Paul L Hess

Summary

Affiliation: Duke University Medical Center
Country: USA

Publications

  1. doi request reprint Survival benefit of the primary prevention implantable cardioverter-defibrillator among older patients: does age matter? An analysis of pooled data from 5 clinical trials
    Paul L Hess
    From the Duke Clinical Research Institute, Durham, NC P L H, S M A, R E, K L L, D B M, G S University of Washington, Seattle J Y H, G H B, A H, P J K, L Y T I Columbia University, New York, NY J T B, R S Beth Israel Deaconess Medical Center, Boston, MA A B I R C C S Policlinico San Donato, Milan, Italy R C University of Toronto, Ontario, Canada P D Northwestern Feinberg School of Medicine, Chicago, IL A H K and University of Rochester, Rochester, NY A J M
    Circ Cardiovasc Qual Outcomes 8:179-86. 2015
  2. pmc Addressing barriers to optimal oral anticoagulation use and persistence among patients with atrial fibrillation: Proceedings, Washington, DC, December 3-4, 2012
    Paul L Hess
    Duke Clinical Research Institute, Durham, NC Electronic address
    Am Heart J 168:239-247.e1. 2014
  3. pmc Survival after primary prevention implantable cardioverter-defibrillator placement among patients with chronic kidney disease
    Paul L Hess
    From the Duke Clinical Research Institute, Durham, NC P L H, A S H, E D P, G d S, H R A K, L H C, B G H, P H P, K J A, S M A K Department of Medicine, Duke University Medical Center, Durham, NC P L H, A S H, E D P, P H P, S M A K Department of Medicine, Yale University, New Haven, CT J P C and Division of Cardiovascular Disease, Mayo Clinic, Rochester, MN S C H
    Circ Arrhythm Electrophysiol 7:793-9. 2014
  4. pmc Follow-up of patients with new cardiovascular implantable electronic devices: is adherence to the experts' recommendations associated with improved outcomes?
    Paul L Hess
    Duke Clinical Research Institute, Durham, North Carolina 27715, USA
    Heart Rhythm 10:1127-33. 2013
  5. pmc Age differences in the use of implantable cardioverter-defibrillators among older patients hospitalized with heart failure
    Paul L Hess
    Duke Clinical Research Institute, Duke University School of Medicine, Durham, NC 27715, USA
    J Cardiovasc Electrophysiol 24:664-71. 2013
  6. pmc Use of evidence-based cardiac prevention therapy among outpatients with atrial fibrillation
    Paul L Hess
    Duke Clinical Research Institute, Durham, NC 27715, USA
    Am J Med 126:625-32.e1. 2013
  7. pmc Survival benefit of primary prevention implantable cardioverter-defibrillator therapy after myocardial infarction: does time to implant matter? A meta-analysis using patient-level data from 4 clinical trials
    Paul L Hess
    Duke Clinical Research Institute, Durham, North Carolina 27715, USA
    Heart Rhythm 10:828-35. 2013
  8. pmc Is cardiac resynchronization therapy an antiarrhythmic therapy for atrial fibrillation? A systematic review and meta-analysis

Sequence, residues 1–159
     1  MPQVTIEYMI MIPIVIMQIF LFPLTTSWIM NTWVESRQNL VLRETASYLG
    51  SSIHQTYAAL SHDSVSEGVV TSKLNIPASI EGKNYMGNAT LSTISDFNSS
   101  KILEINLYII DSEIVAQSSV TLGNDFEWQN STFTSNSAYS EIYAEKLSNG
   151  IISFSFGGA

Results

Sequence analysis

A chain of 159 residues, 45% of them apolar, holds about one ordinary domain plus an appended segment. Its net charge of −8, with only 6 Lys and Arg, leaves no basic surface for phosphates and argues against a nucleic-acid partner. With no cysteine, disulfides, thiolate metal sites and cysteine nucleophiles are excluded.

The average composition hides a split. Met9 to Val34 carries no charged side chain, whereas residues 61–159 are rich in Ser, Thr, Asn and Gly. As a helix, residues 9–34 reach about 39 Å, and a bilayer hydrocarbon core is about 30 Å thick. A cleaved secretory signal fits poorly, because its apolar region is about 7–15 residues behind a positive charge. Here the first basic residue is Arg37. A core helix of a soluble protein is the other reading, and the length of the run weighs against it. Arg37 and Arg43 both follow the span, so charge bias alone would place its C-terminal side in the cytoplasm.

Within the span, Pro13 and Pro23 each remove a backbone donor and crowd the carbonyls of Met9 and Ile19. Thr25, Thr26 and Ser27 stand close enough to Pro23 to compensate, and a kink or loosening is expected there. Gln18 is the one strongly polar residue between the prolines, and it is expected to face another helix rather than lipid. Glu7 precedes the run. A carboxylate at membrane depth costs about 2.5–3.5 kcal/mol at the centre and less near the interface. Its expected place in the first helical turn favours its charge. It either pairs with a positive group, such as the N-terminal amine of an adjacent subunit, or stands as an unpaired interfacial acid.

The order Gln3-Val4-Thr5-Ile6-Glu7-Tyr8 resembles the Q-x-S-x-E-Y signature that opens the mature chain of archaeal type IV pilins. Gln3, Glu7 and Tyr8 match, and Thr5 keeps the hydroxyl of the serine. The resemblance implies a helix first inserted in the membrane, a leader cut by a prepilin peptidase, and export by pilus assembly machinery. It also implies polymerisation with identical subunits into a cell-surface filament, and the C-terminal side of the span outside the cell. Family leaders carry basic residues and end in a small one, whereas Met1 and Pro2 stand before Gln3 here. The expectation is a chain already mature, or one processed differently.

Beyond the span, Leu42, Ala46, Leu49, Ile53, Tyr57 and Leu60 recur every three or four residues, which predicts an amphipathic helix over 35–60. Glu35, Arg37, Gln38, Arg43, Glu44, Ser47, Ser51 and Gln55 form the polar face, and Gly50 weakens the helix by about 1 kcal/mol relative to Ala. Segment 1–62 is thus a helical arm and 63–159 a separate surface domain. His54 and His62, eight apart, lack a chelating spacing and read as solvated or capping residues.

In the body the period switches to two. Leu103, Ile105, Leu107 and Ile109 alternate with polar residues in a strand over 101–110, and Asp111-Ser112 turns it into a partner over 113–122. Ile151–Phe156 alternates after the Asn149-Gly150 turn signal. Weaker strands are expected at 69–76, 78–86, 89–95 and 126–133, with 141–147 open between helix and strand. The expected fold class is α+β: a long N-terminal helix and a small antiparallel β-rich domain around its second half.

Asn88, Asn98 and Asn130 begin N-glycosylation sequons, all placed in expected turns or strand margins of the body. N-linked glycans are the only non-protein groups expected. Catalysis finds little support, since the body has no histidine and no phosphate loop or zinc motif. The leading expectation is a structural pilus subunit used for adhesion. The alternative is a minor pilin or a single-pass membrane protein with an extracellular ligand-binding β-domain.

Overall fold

Paul L Hess
    Duke Clinical Research Institute, Duke University School of Medicine, PO Box 17969, Durham, NC 27715, USA
    Curr Cardiol Rep 15:330. 2013
  9. pmc Outcomes associated with warfarin use in older patients with heart failure and atrial fibrillation and a cardiovascular implantable electronic device: findings from the ADHERE registry linked to Medicare claims
    Paul L Hess
    Duke Clinical Research Institute, Duke University School of Medicine, Durham, NC, USA
    Clin Cardiol 35:649-57. 2012
  10. doi request reprint Implantable cardioverter-defibrillators for primary prevention of sudden cardiac death in CKD: a meta-analysis of patient-level data from 3 randomized trials
    Patrick H Pun
    Duke Clinical Research Institute, Durham, NC Electronic address
    Am J Kidney Dis 64:32-9. 2014

Detail Information

Publications12

  1. doi request reprint Survival benefit of the primary prevention implantable cardioverter-defibrillator among older patients: does age matter? An analysis of pooled data from 5 clinical trials
    Paul L Hess
    From the Duke Clinical Research Institute, Durham, NC P L H, S M A, R E, K L L, D B M, G S University of Washington, Seattle J Y H, G H B, A H, P J K, L Y T I Columbia University, New York, NY J T B, R S Beth Israel Deaconess Medical Center, Boston, MA A B I R C C S Policlinico San Donato, Milan, Italy R C University of Toronto, Ontario, Canada P D Northwestern Feinberg School of Medicine, Chicago, IL A H K and University of Rochester, Rochester, NY A J M
    Circ Cardiovasc Qual Outcomes 8:179-86. 2015
    ..The impact of patient age on the risks of death or rehospitalization after primary prevention implantable cardioverter-defibrillator (ICD) placement is uncertain...
  2. pmc Addressing barriers to optimal oral anticoagulation use and persistence among patients with atrial fibrillation: Proceedings, Washington, DC, December 3-4, 2012
    Paul L Hess
    Duke Clinical Research Institute, Durham, NC Electronic address
    Am Heart J 168:239-247.e1. 2014
    ....